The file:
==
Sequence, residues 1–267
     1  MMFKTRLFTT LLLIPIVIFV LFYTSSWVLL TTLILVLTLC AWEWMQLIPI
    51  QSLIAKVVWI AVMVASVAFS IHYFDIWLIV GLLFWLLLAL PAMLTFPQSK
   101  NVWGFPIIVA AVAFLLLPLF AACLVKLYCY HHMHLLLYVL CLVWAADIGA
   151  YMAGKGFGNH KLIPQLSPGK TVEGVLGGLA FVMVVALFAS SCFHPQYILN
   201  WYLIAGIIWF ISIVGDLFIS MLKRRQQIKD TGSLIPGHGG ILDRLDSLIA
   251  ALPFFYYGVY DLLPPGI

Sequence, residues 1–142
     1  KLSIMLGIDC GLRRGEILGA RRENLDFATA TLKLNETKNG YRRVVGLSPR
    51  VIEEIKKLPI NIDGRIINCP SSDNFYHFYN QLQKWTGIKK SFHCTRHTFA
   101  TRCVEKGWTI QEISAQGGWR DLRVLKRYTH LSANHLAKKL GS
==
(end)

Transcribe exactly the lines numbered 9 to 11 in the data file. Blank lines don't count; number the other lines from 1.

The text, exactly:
     1  KLSIMLGIDC GLRRGEILGA RRENLDFATA TLKLNETKNG YRRVVGLSPR
    51  VIEEIKKLPI NIDGRIINCP SSDNFYHFYN QLQKWTGIKK SFHCTRHTFA
   101  TRCVEKGWTI QEISAQGGWR DLRVLKRYTH LSANHLAKKL GS